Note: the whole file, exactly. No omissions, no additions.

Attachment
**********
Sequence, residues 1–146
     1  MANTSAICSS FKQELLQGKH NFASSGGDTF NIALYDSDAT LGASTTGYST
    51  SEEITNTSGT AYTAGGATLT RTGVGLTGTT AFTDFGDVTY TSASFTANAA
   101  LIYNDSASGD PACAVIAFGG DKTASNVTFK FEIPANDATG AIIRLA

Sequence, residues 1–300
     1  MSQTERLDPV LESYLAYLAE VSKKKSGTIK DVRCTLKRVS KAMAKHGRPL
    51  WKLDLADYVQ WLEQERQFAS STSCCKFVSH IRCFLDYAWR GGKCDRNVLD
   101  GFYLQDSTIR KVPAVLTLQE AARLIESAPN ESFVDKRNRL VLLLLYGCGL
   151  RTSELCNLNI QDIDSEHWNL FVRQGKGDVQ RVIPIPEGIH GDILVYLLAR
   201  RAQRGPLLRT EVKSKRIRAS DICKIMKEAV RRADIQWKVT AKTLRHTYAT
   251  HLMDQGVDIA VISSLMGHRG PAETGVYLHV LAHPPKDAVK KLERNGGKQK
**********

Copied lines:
Sequence, residues 1–146
     1  MANTSAICSS FKQELLQGKH NFASSGGDTF NIALYDSDAT LGASTTGYST
    51  SEEITNTSGT AYTAGGATLT RTGVGLTGTT AFTDFGDVTY TSASFTANAA
   101  LIYNDSASGD PACAVIAFGG DKTASNVTFK FEIPANDATG AIIRLA

Sequence, residues 1–300
     1  MSQTERLDPV LESYLAYLAE VSKKKSGTIK DVRCTLKRVS KAMAKHGRPL
    51  WKLDLADYVQ WLEQERQFAS STSCCKFVSH IRCFLDYAWR GGKCDRNVLD
   101  GFYLQDSTIR KVPAVLTLQE AARLIESAPN ESFVDKRNRL VLLLLYGCGL
   151  RTSELCNLNI QDIDSEHWNL FVRQGKGDVQ RVIPIPEGIH GDILVYLLAR
   201  RAQRGPLLRT EVKSKRIRAS DICKIMKEAV RRADIQWKVT AKTLRHTYAT
   251  HLMDQGVDIA VISSLMGHRG PAETGVYLHV LAHPPKDAVK KLERNGGKQK